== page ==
It’s that time of the year again in Holland when children start anticipating the arrival of a man dressed in red and white carrying presents in a sack. This beloved character is known by many names: Santa Claus, Saint Nicholas, Father Christmas, Kris Kringle and Sinterklaas. Depending on where you are in the world, he either arrives on December 5th (the traditional feast day of old St. Nick), December 24th (Christmas Eve), or the following morning.
Due to my fear of missing out and not wanting to be a cultural chauvinist, my Dutch American children celebrate both. Seven years into this predicament of gift-giving overdrive, I’ve become a lot more astute and stricter about what I allow into our house.
In the process, I’ve become a self-appointed purveyor of all things on trend in the toy sphere. After all, like most middle class parents, I’m constantly on the lookout for new toys that my children would be excited to receive on Pakjesavond (evening of gifts), or Christmas morning.
Thus, it is my privilege to inform you of the “it” toy this holiday season. Adding to my street cred is that I currently live in the land of the happiest kids in the world. Or if you want to get technical, the place where children have the highest well-being according to research.
And what could these blissed out children enjoy to their hearts’ content?
A cardboard box.
The bigger the better. The humble cardboard box has all the qualities a perfect toy should have:
light and strong, easy to put up, quick to come down and, perhaps most important, inexpensive enough for experiments.
Have you ever observed that children, especially the eight-and- under crowd, preferred the box to the actual toy? After all the presents have been unwrapped, the mess cleaned up, and the novelty of the new toys has dissipated, it’s the cardboard box that my children gravitate towards.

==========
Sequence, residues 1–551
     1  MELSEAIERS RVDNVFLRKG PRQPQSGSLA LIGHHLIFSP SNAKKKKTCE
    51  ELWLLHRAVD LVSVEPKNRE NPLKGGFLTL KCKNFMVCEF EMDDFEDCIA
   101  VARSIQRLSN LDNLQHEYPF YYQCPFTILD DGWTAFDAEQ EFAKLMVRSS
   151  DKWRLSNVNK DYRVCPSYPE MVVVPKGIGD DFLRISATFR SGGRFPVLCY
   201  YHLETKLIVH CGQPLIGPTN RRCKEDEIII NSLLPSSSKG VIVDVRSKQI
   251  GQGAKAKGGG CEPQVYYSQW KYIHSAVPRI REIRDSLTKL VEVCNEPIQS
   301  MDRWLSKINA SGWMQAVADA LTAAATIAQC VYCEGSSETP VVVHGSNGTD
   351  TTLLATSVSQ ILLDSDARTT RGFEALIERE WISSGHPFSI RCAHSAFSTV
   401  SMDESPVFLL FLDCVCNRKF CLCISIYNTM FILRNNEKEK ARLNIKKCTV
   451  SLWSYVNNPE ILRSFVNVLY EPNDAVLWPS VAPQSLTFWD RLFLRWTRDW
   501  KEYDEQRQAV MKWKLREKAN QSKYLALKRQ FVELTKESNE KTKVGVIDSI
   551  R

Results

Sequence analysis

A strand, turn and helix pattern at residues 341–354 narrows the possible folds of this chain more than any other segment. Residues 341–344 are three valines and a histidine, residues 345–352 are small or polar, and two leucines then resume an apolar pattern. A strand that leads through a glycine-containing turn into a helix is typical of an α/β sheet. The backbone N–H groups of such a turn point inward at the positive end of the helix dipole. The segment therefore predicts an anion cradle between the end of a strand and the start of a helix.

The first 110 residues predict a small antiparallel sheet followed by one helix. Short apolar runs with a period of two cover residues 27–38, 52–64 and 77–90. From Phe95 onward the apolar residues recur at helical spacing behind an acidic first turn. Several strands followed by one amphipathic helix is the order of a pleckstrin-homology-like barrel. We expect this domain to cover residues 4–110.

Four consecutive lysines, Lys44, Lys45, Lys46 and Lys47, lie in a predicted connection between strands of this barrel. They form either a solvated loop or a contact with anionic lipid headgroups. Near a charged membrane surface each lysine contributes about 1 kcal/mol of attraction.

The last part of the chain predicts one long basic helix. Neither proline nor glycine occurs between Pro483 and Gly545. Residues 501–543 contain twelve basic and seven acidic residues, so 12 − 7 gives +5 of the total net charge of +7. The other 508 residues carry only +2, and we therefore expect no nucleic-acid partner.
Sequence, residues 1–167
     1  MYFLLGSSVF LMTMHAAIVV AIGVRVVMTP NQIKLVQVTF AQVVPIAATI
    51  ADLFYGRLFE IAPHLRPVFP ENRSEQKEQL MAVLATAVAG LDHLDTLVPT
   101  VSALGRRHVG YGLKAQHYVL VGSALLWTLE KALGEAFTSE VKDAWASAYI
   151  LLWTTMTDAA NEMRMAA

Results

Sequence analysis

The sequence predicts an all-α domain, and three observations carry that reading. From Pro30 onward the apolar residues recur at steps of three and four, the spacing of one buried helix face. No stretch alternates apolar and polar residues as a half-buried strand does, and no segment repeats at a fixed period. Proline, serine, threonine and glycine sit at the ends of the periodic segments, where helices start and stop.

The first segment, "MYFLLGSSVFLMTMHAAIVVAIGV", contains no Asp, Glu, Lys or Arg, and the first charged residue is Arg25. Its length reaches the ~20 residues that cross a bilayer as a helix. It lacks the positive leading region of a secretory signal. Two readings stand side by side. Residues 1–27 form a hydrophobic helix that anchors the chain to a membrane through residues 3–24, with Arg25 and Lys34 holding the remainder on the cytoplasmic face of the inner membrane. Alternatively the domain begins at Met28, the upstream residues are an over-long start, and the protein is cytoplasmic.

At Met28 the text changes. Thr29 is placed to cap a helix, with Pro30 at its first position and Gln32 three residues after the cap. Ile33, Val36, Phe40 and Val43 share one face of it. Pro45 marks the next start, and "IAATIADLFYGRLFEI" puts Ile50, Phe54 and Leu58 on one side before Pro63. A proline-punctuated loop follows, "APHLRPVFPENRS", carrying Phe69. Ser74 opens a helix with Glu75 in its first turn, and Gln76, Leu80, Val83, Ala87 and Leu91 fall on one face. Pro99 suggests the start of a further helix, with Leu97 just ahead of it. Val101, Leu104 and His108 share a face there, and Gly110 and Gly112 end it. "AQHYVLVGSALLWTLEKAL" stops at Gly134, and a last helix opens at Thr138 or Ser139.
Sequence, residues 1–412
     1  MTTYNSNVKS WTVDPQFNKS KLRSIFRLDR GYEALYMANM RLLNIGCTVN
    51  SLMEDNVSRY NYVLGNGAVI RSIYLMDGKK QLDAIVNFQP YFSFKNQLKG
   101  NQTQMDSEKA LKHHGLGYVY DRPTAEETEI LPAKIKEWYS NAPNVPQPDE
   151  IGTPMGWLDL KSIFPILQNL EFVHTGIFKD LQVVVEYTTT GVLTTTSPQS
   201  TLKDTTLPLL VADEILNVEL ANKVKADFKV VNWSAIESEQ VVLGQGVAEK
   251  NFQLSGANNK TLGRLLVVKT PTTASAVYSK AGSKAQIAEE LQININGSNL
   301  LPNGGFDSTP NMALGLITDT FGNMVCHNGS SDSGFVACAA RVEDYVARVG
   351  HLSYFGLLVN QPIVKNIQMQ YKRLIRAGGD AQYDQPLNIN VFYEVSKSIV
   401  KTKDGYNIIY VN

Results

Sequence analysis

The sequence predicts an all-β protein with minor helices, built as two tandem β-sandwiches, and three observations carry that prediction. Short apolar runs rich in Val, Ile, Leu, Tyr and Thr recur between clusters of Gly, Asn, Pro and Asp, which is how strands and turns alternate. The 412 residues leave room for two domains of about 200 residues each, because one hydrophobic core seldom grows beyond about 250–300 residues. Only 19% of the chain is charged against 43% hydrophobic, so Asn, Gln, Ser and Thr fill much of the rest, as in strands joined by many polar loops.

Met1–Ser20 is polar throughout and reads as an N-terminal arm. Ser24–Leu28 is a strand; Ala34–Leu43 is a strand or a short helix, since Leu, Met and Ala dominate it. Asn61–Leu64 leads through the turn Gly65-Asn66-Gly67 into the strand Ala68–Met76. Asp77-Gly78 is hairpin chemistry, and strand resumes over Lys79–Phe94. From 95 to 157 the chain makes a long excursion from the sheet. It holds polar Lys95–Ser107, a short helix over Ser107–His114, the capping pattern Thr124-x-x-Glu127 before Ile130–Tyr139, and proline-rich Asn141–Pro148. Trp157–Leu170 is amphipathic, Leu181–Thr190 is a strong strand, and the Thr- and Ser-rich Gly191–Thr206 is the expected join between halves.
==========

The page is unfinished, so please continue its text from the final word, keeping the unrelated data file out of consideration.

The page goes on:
The cardboard box also grows along with the child. My fourteen- month-old toddler loves throwing random things inside and taking it out again, and if she dares, climbs inside and plays hide-and-seek by slowly moving her body up and down, and treating us to a smile as if she were the most brilliant child ever. My five-year-old and seven-year-old are into imaginary play, transforming it into a pirate ship, a fort, a time machine, and whatever it is they fancy at the moment. They also start playing with their baby sister and putting her inside.
If I still haven’t sold you on the idea of a gigantic cardboard box yet, consider for a moment the amount of stuff our children already have. If our great grandparents and grandparents could witness the runaway consumerism most pronounced during the holiday season, they’d think we’d lost our minds.
We’re not entirely to blame here, folks. We’re constantly bombarded with a cacophony of advertisements custom-tailored around our personal data and internet behavior (I see you Facebook, Instagram, Google, and Amazon). And now with Sinterklaas and Christmas around the corner, chances are we’re inundated with ever more messages about things we might be interested in but really aren’t.
Here’s a friendly reminder that the holiday season wasn’t always like this. In the middle of the twentieth century, mandarins from Spain were the most coveted treat to receive for Sinterklaas. Eventually the gift-giving culture evolved to include chocolate letters (the initial of your first name), chocolate coins, marzipan (almond paste) characters, and tai tai dolls (spiced baked sweets). There are even personalized poems accompanying the gifts that often mock the receiver, but in our household, humor often misses the mark so we emphasize kindness instead.
Because here’s the actual secret of why Sinterklaas and Christmas is often the favorite time of the year for children: they get to spend lots of time with their parents, grandparents, aunts, uncles, and cousins.
Let’s also not forget that these gift giving traditions have pagan and Christian roots that foster ideas of bringing light, giving love, and sharing joy during the darkest days of the year. But I digress.
￼So whether or not you are going for broke this holiday season or leaning for a more modest affair, seriously consider at least including a giant cardboard box in the gift mix. Preferably an empty one too – don’t fall for the latest unboxing gimmick. I guarantee you that your children will be playing much longer with the cardboard box than any of the toys included in it. And you may enjoy playing along too.